Last Sunday: Third to last match day in the Italian soccer league, Serie A. At S.S. Lazio Rome’s home match against Inter Milan, Lazio fans started shouting “If you win we’ll beat you up”. The interesting thing about it: They were shouting at their own team!
What was going on?
To understand the Lazio fans we have to look at the league table prior to the match. After all other matches of the match day had been played, Lazio was five point clear of being relegated, so their season was practically over. Nothing to win, nothing to lose (theoretically, they could still be relegated, but in practice the probability is quite low). Inter Milan meanwhile was the strongest team in the league so far. Coming into the game in Rome they were second in the table, just one point behind the leaders. With a win, Inter would have had a two point lead going into the rest of the season.
So far, so good, the interesting point is whom Inter was battling for the league title: AS Roma, the other team from the Italian capital and biggest rivals of Lazio, Inter’s opponents that night.
As the biggest fear of the Laziali (Lazio’s fans) after a pretty bad season was that their local rivals could win the title, they were encouraging their team to take it easy and hand over the three points to Inter so that they could move ahead of AS Roma.
Even though Lazio players were aware of the situation and ensured everybody prior to the match that they would not “step aside”, as one banner the Laziali were holding up suggested, their performance was poor. Only keeper Fernando Muslera did not seem to have gotten the point – he played an extremely strong match, denying one Inter scoring opportunity after the other. After driving his own fans crazy for 45, a header by Inter defender Walter Samuel in the added time of the first half was too good for him and gave Inter a well deserved 1-0 lead. In the second half, Lazio was playing even worse, except for Muslera, who managed to just concede one more goal after 70 minutes, making it 2-0 Inter – a result that put a smile on the face of every fan in the stadium that night, both from Rome and Milan.
The match and the situation got me thinking about what the actual target or goal for a soccer team is. One might say it’s winning games, but I think that’s too simple. Is satisfying your fans – in that case by losing the game – also in line with the team’s targets?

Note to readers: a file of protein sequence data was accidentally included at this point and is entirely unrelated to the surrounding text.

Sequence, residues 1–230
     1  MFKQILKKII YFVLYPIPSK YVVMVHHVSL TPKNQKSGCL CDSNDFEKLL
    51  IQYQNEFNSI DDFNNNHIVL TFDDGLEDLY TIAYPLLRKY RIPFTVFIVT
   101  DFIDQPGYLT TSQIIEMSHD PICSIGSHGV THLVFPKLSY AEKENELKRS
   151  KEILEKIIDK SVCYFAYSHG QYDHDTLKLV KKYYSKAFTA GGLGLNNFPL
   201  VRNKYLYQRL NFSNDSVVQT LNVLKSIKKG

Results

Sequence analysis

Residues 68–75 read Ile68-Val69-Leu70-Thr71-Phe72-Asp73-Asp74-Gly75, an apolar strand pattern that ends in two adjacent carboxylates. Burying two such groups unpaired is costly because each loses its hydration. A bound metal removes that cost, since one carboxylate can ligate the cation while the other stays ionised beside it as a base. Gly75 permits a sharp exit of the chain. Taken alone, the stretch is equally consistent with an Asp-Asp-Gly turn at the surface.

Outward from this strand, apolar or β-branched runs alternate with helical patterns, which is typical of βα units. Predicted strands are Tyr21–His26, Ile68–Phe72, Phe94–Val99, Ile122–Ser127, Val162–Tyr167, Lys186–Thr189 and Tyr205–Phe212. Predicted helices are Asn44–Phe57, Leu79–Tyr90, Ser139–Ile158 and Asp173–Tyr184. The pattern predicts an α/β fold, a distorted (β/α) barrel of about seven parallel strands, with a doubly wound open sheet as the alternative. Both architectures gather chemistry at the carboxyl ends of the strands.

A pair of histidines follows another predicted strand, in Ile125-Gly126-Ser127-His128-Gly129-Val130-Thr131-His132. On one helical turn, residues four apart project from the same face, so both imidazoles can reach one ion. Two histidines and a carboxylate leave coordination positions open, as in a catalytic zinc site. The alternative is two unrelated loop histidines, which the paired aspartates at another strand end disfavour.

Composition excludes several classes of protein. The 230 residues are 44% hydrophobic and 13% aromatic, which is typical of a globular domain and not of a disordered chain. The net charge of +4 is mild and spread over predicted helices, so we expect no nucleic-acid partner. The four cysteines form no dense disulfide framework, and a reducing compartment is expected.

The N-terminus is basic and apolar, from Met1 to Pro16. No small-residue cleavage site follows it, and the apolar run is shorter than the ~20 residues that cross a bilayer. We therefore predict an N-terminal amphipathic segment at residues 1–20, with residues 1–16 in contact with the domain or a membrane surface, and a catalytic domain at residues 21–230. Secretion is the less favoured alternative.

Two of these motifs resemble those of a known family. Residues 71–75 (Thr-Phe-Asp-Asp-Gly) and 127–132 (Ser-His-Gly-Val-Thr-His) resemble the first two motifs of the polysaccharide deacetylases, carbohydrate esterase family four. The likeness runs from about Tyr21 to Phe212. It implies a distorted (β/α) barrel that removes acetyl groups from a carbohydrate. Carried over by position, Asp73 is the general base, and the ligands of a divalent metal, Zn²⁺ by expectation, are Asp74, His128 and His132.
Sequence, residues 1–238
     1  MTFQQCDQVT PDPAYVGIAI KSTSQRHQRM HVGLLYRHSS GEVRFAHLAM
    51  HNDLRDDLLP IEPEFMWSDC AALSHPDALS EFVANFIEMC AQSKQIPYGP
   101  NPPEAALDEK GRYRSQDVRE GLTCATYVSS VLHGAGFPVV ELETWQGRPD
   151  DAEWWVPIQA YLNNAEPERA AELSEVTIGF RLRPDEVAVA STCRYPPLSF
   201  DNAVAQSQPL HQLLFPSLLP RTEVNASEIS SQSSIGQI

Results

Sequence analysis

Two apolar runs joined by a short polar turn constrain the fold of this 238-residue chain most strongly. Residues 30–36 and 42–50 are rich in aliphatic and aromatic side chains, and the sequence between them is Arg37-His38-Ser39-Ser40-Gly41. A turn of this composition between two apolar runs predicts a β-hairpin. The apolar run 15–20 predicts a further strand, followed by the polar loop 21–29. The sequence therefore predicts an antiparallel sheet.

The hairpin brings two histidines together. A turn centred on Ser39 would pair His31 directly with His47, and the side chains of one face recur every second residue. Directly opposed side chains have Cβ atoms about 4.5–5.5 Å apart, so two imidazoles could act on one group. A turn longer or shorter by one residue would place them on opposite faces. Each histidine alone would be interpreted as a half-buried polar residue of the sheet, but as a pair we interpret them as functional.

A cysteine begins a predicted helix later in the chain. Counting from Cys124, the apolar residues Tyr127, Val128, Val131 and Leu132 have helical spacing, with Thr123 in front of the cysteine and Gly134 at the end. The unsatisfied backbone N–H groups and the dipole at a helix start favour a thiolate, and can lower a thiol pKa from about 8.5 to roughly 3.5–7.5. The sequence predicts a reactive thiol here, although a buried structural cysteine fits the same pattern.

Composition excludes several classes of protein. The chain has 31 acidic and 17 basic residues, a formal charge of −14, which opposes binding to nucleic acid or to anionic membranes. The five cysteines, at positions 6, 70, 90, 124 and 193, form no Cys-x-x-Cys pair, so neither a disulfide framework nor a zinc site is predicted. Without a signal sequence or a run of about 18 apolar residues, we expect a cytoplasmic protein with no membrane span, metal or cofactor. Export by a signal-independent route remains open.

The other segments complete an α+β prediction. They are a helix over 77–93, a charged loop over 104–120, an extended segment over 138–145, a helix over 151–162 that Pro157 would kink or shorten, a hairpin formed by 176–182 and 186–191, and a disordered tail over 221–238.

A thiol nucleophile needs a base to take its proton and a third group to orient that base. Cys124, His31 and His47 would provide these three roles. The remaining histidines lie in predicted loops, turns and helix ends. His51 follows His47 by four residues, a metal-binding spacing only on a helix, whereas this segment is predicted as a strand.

There a many theories on what the ultimate goal of a company is. One option is to look at the value created for the “Stakeholders” of a company, that is at all groups without which a company could not exist. To demonstrate the approach, let me apply it to S.S. Lazio:
First there are internal stakeholders. Lazio is listed on the Italian stock exchange, but majority owner is Italian entrepreneur Claudio Lotito (note: Shareholders are usually considered external stakeholders while owners like Lotito are considered internal). While in theory owners are looking purely for a maximum return on their investment, in an emotional and well documented business like sports there may well be other values owners can derive from a club like e.g. fame, presence in the press, etc.
Other internal stakeholders include the employees. In a soccer club they range from managers and coaches to green keepers – a pretty diverse group of people. Most important are the players. Being one of them, Fernando Muslera obviously finds value in putting together a great performance as a keeper.
External stakeholders can be rather distant like government or trade unions or in our case the Italian soccer federation (FIGC). They can also be closer like e.g. customers.
This is where this discussion becomes interesting, as according to this theory, Lazio fans are quite important stakeholders of the company. Following the Stakeholder Theory, making the fans happy should therefore be defined as one of the goals of a soccer club. From an economic perspective, Lazio players did it right when they apparently did not take the game too serious.
If you still believe that there is something wrong when a team is not trying to win, you have a point. It may be unethical, as the sport is build on the idea of sportsmen given all they have to compete and find out who is the better one.
For nearly as long as the Stakeholder Theory exists, it has also been discussed in the context of morality and business ethics. Given the broadness of the approach, it is perfectly suited for this. If you consider your competitors stakeholders as well, the whole view is getting a new twist. While at first glance it may appear a bit unusual to consider AS Roma and their fans stakeholders of S.S. Lazio, this view makes sense when looking at it in more detail: Can you imagine how badly the Laziali would miss the derbies they play twice a year against AS Roma in front of a fanatic sellout crowd?
This post here can obviously only serve as a teaser to the Stakeholder Theory which is so successful because it offers a more complete framework that traditional concepts like “Shareholder Value” (in case you want to learn more about the relationship of stakeholder value and ethics, Robert Phillips’ classic book “Stakeholder Theory and Organizational Ethics” offers you a quite extensive point of view).
So was it right by the Lazio players to lose against Inter last Sunday? Well, that’s complicated. Hopefully this post helped you to come up with your own opinion.
Speaking of opinions: In the whole Lazio-Inter story, all we can talk about are opinions. Obviously Roma fans have the opinion that Lazio players wanted to lose. Meanwhile, Inter fans are sure that their team played so strong that Lazio couldn’t do any better. Whatever side you’re on, if you want to know the end of the story, just watch the final two match days of the Italian league. And while you do so always remember that this makes you a stakeholder of the teams, too.